Not naming any names, we then moved onto the objective merits of various types of post-rock and shoegaze, and in particular the often-heard criticism that 'it all sounds the same'. Dan pauses, and then surprisingly agrees, qualifying; “one of the reasons why there's so many terrible shoegaze and post-rock bands I think is because people are mimicking the sounds from the past without realising that ultimately there has to be a song there as well. The reason My Bloody Valentine and Slowdive made such an impact at the time was because people hadn't heard sounds like that before. Well, now people have heard those sounds for twenty or twenty-five years, so to make it interesting and bring it up-to-date, you've got to pull those sounds and textures into a more conventional song context.”

Even though he spends a good deal of his compositional efforts on things like “the flow of chords”, as discussed earlier, the general theme of “creating” a song in the studio still pervades talk of the new record, which from what I've heard today is if anything more dense than their first. Dan explains, saying that whilst his approach is one of a songwriter, “the tradition I came out of was ambient music, reading books about the way Brian Eno worked. Building tracks from scratch in the studio was his invention, I suppose, and he advocated it as a strong philosophical-artistic position. Growing up, my school was fifteen miles away from where I lived, so I didn't really socialise with people at weekends. What I actually spent my time doing was teaching myself how to use a four-track and working with effects pedals, making strange ambient pieces. In a basic way, I learned how the studio worked, and that you could get good results from that. I like working in a rich acoustic environment; one of the things I like about this room is that it has its own reverb, a window, birdsong outside... we can record when we're inspired, rather than when we have to. Even if the quality of the recording isn't as good, the quality of the performance makes up for that, and I see it as part of that Daniel Lanois tradition of record production.”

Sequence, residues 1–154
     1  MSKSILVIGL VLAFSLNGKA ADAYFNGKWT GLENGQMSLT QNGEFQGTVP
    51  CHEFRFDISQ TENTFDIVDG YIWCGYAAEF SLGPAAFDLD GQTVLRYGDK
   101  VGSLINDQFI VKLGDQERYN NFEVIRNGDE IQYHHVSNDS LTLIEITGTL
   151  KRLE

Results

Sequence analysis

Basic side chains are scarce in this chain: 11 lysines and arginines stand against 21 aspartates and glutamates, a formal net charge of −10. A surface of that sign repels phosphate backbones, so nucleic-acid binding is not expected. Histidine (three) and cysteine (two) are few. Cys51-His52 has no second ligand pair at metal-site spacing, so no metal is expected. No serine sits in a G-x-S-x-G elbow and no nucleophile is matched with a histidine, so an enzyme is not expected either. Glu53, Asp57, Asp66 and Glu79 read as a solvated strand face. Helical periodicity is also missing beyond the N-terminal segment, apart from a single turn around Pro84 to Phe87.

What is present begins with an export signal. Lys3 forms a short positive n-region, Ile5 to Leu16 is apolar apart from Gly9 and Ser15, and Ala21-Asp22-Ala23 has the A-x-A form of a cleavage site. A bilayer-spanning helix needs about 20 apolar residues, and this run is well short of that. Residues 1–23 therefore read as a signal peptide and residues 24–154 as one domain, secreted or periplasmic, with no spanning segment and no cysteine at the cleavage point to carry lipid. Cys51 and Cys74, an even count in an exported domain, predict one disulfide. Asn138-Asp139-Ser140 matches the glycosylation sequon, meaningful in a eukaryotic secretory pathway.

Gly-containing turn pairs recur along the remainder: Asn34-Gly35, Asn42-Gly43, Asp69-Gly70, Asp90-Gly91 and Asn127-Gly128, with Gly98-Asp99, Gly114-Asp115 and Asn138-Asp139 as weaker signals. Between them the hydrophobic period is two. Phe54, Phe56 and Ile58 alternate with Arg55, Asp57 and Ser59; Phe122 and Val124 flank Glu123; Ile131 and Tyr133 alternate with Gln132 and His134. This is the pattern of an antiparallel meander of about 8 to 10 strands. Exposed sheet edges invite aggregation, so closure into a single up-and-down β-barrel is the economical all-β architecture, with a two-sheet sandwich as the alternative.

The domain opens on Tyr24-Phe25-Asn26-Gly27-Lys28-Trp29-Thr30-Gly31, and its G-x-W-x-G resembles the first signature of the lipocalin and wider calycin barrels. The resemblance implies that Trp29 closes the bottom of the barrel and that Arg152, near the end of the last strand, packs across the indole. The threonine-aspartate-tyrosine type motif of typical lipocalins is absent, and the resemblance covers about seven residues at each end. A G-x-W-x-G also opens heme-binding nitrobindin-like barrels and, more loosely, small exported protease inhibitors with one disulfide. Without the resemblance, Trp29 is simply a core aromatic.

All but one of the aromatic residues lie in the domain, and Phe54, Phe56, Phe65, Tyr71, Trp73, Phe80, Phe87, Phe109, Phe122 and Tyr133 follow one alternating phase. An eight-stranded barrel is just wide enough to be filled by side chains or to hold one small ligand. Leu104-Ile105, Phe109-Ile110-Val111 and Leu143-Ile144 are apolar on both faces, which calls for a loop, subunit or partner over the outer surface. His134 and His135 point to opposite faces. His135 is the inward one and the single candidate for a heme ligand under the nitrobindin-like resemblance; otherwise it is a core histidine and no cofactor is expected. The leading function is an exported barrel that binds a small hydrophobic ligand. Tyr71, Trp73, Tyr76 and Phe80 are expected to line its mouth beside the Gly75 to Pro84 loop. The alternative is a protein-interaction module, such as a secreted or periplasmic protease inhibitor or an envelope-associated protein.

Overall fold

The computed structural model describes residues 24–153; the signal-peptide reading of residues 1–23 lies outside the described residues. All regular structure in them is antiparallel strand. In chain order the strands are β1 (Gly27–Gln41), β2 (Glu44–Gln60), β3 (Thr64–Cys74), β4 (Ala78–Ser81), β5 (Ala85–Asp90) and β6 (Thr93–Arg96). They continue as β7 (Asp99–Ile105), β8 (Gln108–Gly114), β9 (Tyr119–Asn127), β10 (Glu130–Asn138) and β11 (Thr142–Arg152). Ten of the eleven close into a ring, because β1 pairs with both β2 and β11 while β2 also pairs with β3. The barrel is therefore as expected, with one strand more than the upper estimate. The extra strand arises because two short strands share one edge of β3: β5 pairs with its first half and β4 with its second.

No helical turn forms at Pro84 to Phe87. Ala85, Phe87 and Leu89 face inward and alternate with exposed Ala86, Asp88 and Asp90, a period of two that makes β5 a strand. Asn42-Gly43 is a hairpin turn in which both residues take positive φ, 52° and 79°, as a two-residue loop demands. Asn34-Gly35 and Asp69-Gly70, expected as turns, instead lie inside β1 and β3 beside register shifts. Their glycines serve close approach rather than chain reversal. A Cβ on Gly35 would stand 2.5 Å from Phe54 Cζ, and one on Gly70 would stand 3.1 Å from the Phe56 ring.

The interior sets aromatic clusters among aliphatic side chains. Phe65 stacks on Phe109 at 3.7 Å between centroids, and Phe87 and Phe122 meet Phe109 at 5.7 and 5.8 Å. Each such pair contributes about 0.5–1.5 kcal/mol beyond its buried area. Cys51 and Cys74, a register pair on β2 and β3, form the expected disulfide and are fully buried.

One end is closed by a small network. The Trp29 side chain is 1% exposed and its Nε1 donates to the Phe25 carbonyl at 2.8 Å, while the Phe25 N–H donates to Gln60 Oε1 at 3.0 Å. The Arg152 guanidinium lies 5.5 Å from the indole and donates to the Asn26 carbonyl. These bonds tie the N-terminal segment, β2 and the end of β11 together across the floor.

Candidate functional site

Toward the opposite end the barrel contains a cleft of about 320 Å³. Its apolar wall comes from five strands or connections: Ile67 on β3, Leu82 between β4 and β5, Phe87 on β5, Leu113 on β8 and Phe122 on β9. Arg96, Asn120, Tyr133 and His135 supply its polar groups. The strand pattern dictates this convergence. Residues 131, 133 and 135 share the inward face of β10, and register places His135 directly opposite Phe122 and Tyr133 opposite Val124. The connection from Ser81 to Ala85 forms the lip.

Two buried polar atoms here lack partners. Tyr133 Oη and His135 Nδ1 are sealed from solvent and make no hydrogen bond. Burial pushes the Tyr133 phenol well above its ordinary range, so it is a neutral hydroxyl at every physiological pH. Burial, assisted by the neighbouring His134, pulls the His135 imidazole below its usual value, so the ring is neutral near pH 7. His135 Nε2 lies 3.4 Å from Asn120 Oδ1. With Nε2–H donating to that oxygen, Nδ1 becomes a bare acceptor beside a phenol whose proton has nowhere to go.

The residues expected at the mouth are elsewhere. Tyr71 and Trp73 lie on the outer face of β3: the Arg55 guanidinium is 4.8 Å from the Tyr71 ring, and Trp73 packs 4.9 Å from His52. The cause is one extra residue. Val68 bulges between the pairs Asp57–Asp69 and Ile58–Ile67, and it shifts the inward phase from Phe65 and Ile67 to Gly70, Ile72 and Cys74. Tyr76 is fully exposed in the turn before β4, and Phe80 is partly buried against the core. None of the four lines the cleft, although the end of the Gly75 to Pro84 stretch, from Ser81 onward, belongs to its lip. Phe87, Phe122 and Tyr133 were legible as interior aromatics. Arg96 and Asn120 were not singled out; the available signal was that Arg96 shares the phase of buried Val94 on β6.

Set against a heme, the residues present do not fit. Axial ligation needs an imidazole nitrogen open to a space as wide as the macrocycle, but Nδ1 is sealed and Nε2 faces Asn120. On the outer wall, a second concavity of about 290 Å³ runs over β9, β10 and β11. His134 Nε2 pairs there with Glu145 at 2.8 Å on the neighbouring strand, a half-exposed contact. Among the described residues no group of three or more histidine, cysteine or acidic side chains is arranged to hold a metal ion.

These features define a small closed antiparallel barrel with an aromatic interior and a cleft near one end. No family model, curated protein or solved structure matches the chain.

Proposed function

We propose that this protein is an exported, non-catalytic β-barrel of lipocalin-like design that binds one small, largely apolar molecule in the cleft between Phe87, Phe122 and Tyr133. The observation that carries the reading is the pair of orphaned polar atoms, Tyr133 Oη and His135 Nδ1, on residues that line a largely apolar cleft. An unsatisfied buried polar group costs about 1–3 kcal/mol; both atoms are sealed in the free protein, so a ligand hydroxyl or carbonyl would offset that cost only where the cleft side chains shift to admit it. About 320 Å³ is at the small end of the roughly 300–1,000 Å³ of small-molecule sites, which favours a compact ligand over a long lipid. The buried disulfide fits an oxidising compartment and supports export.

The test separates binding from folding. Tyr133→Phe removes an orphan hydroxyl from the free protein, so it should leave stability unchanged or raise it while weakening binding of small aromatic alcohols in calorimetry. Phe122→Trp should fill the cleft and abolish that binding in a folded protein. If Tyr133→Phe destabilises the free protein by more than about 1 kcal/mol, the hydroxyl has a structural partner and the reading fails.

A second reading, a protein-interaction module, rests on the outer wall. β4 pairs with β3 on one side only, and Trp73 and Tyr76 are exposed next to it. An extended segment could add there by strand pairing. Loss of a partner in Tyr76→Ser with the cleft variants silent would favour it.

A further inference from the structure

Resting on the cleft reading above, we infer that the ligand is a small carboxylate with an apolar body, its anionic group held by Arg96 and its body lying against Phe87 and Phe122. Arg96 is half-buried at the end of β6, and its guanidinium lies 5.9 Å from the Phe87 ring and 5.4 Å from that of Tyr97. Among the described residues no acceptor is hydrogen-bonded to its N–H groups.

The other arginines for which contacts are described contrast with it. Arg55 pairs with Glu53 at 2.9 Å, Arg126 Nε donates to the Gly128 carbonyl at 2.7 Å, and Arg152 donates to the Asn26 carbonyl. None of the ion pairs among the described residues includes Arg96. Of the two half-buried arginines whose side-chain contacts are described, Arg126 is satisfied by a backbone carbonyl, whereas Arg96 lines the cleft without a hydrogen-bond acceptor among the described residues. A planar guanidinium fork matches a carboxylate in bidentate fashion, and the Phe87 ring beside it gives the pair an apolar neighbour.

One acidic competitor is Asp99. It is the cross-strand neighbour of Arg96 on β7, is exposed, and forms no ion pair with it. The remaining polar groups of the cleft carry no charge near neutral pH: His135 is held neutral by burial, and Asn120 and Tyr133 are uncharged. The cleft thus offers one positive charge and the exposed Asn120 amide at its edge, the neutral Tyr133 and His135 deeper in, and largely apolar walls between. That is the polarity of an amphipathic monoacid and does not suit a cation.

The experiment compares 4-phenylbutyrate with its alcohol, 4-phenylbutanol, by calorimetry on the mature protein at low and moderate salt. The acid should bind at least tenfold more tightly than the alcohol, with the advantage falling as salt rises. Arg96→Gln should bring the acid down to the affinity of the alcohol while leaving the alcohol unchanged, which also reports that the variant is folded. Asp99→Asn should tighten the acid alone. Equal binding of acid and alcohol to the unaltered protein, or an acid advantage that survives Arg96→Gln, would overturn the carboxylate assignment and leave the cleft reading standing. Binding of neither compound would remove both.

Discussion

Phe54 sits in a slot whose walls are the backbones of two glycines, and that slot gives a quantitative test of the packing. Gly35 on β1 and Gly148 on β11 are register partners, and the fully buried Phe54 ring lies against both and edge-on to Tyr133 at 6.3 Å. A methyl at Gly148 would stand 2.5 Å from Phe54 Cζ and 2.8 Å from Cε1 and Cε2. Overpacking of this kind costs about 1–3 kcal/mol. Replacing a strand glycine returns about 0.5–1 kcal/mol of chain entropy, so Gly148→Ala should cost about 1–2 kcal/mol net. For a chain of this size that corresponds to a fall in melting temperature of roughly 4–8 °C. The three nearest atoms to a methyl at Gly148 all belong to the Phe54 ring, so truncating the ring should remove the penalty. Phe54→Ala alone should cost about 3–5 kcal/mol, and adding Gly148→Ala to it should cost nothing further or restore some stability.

After that, more of a manifesto than an explicit discussion of the new album, it was time to close on what had been a thoroughly enjoyable if exhausting conversation. What then, I asked, did Dan love enough about music to continue?

“Long pause. [laughs] I could do a whole lecture about that, y'know? On a basic level, when it's done well it provides an opportunity to articulate emotions that we maybe not just recognize but didn't realise we had within ourselves, in the same way that sometimes you read a book and the author expresses a sentiment that you've always felt on some level, but have never been able to put into words. I think music does that in a much more effective and poignant way. As somebody who's been, at different points in my life, quite a troubled person, I don't think I could have ended up quite as chilled and relaxed without all this wonderful music to calm me down.”